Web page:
I couldn’t sleep on Thursday night: it wasn’t excitement that woke me up at 4am either, rather trepidation. The last time I’d driven to Leeds was over three decades ago. This was already making me nervous: there was a point, just before the M1 was joined at 6.45am that it almost didn’t happen. A moment of fear rose, unexpectedly, to challenge twelve weeks of counselling. I wasn’t good enough to do this. Go home.

My now ex-counsellor’s learnt coping strategies however have been embedded well into a brain that knew that this exercise wasn’t about the journey. Being so far out of my comfort zone that it was painful, what else would a little more inconvenience bring? Suck it up, and get on with it. There were regular breaks to ensure my recovering hip injury did not scupper movement, and by 11.30 am I’d done the hardest thing of all: self-propulsion.


There was also a sandwich, some faffing about around the new Trinity shopping centre and realisation that accommodation meant literally going back to student digs. All those memories of that first trip here come flooding back again, but the more overriding priority became a cuppa. The last one was drunk the night before… and when I met Carol and Rebecca at the Mslexicon reception area, the former made me one without prompting.

Honestly it was the best tea I’ve tasted for quite some time

Friday was cautious introductions and nervous energy, feeling empathy in odd situations. The volunteer staff were beyond amazing (which was the case across the entire weekend) and that first quiet, helpful support had the required effect. I began to relax, and as it happened the desire to speak to people increased. There was some mooching, uncertainly watching other people connecting, as fear rose again.

The coping strategies were there to support me: everybody will be nervous, not just you. They will all find it hard to connect. It may be superficial but look at someone and find something they are wearing or doing to start a conversation with. There’s a woman on her phone over there, by the entrance, on her own. She’s looking at Social media. You know summat about that. Start here. I introduced myself to Sophie, and soon afterwards, Sally turned up. When Sheila arrived, things got really interesting.

That was the rest of the evening, as it happened. Talking to people, listening cautiously to others, eating, drinking and laughing. There was a remarkable amount of laughter, and after dinner the weekend began in earnest, except I was exhausted and so slipped away back to a room whose bed was a lot larger than expected. I should have stuck stuff up on the pin board for old times sake, on reflection. That was an opportunity missed.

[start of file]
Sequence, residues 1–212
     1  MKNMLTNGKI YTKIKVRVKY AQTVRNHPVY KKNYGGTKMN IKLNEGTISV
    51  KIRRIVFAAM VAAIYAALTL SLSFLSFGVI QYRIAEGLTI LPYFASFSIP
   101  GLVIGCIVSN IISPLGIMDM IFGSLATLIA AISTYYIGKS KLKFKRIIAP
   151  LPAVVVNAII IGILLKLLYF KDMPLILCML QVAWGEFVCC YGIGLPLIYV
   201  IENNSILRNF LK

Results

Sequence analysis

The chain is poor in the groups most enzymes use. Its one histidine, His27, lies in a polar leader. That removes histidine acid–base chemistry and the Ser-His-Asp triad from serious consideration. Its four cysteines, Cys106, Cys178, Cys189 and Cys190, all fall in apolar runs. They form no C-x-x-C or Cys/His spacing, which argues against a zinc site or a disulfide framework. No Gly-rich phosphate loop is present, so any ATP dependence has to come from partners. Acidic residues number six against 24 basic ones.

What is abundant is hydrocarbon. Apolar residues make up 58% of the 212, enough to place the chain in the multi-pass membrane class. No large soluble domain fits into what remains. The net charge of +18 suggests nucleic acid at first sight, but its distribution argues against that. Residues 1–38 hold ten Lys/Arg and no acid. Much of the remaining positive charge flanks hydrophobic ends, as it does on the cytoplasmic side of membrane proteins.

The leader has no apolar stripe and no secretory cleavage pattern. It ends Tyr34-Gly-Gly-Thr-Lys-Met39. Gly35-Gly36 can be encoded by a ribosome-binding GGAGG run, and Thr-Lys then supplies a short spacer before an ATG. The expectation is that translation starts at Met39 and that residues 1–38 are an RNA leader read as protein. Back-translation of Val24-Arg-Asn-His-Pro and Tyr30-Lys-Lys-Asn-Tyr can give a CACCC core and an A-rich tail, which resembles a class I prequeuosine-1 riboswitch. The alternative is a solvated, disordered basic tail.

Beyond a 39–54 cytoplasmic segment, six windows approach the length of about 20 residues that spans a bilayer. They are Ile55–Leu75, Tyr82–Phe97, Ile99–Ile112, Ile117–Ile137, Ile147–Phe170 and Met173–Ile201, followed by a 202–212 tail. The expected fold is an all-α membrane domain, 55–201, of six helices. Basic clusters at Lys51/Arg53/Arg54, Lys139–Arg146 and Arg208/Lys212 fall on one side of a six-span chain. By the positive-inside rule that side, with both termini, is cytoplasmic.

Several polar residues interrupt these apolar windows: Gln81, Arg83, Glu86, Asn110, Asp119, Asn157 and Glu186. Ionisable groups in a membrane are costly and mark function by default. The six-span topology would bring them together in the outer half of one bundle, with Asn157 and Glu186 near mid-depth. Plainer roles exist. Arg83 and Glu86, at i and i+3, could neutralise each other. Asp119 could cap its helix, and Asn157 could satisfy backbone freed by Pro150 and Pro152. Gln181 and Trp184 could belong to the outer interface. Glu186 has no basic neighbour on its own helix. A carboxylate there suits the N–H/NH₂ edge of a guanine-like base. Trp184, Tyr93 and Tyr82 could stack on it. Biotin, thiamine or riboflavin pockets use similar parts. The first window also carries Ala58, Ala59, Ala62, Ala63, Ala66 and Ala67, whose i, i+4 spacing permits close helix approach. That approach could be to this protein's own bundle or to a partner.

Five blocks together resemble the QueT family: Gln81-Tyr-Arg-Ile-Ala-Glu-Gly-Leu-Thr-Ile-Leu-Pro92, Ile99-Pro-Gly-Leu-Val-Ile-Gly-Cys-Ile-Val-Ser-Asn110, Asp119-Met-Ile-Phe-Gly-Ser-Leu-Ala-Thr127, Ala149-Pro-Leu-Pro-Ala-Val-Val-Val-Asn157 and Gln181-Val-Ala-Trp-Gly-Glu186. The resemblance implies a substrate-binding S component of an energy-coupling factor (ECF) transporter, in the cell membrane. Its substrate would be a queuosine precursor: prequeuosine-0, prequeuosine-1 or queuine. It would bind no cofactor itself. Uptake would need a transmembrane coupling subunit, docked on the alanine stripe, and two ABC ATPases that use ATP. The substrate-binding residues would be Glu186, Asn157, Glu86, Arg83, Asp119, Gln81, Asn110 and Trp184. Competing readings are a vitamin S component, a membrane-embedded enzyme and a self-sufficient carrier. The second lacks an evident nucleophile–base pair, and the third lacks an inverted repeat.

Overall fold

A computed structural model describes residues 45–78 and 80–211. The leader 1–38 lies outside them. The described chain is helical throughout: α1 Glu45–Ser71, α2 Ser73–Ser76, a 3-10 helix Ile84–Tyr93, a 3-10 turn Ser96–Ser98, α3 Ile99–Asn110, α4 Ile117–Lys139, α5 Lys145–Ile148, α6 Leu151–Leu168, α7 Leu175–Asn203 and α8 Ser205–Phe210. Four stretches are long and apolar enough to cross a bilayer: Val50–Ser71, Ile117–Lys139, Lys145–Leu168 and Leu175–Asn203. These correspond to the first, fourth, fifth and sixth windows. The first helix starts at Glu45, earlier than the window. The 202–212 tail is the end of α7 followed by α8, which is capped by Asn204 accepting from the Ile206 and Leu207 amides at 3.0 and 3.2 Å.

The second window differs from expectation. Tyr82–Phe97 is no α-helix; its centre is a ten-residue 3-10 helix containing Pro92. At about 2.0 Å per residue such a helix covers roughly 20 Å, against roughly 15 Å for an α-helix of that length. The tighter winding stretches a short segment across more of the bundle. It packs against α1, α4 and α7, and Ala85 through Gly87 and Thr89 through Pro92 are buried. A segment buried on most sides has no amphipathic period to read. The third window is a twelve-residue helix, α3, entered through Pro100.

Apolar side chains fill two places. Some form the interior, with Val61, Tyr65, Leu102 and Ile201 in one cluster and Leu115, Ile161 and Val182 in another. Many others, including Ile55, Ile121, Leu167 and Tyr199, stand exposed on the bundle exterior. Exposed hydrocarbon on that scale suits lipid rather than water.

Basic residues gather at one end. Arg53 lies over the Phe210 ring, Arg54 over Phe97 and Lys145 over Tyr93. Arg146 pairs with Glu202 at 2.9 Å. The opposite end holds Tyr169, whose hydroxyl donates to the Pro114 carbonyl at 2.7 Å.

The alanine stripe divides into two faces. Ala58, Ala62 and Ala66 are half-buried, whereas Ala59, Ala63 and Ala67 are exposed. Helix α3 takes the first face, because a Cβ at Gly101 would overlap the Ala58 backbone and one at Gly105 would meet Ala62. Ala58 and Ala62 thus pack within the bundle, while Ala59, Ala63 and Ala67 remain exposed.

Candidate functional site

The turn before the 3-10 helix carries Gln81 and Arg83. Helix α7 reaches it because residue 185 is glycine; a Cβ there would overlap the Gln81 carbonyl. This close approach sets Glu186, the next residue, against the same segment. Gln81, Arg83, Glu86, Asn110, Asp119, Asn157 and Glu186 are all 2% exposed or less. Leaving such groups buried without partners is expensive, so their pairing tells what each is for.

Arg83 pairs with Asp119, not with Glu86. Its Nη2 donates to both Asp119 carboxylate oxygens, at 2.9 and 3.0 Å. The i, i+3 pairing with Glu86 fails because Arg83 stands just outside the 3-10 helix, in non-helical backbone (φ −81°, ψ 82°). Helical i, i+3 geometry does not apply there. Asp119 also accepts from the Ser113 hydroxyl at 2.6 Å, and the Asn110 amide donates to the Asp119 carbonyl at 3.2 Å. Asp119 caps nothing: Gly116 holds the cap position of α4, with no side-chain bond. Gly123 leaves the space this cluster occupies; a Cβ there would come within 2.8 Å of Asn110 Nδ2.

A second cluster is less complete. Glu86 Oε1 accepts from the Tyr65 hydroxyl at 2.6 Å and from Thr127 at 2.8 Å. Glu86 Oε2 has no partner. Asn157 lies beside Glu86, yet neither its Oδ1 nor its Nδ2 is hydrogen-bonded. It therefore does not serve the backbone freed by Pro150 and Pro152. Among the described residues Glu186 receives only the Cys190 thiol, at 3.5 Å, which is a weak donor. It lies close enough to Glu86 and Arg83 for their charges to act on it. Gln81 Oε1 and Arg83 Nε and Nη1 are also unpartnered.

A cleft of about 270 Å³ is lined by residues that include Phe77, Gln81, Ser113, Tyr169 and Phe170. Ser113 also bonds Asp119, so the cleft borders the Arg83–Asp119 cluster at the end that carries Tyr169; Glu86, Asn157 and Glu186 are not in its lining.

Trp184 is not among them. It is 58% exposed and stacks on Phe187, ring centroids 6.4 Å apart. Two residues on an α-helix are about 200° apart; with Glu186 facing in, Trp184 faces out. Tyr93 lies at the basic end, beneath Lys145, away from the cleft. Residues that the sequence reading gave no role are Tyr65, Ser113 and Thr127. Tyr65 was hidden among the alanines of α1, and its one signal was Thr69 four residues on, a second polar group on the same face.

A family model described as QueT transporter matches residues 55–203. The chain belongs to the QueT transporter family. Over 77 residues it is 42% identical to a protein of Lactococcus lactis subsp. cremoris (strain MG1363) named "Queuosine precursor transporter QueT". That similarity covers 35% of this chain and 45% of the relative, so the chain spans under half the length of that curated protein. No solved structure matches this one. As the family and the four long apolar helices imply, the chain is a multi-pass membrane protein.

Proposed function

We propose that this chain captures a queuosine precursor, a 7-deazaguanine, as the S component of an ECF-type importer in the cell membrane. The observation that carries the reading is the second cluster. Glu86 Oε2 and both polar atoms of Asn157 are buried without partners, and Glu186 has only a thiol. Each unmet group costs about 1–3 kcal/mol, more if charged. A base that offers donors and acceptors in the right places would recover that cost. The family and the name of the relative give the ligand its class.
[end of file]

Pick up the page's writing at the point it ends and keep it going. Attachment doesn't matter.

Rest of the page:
Travelling is always difficult for me, but on reflection there was remarkably little stress. What mattered most on that first day was not to feel alone: it never really happened either. Even when wandering about in the afternoon, this didn’t feel uncomfortable or unnatural. All that was preparation, rehearsal for what would eventually be inevitable. Allowing myself permission to be vulnerable has been an almost impossible ask for several years, but not on Friday.

That process dissolved last remaining fears: all these other women were like me. They were uncertain or unsure of their abilities and capabilities. Over dinner, Sophie and I talked about her novel: cautiously, I offered some advice on how she could deal with an issue. Then she turned to me and confided that this discussion had solved a different, unrelated problem in her narrative and my heart soared.

I’d been able to help her, and that meant the world.

Then, as I tried to sleep, came the memory of those I’d connected with on Twitter before arrival. Cat and I had passed briefly, and I promised myself we’d find the means to chat. Bridget too, would get met and greeted… and then began the slow trickle of new online follows. This wasn’t just learning, it was networking. Those flyers that were made were doing their job, and being read.

People were interested in being more than they were alone.

It only took a day, and suddenly there was a more capable, professional and determined version of me prepared to use Saturday’s talks and 1-2-1’s as means by which directions would be marked and set going forward. As an introduction to a weekend of discovery and self-awareness, Mslexicon was virtually perfect.


  1. It was a pleasure to meet you Sarah. I’m so glad a small thing like a cuppa helped you to settle in. As a volunteer I had a marvelous time and I’m glad you seemed to do so also.


    1. The little things mean the World, when you’re in a new place and with no idea of what is really going on. Honestly, I could have not asked for a better way to unwind after my trip. Thank you ❤

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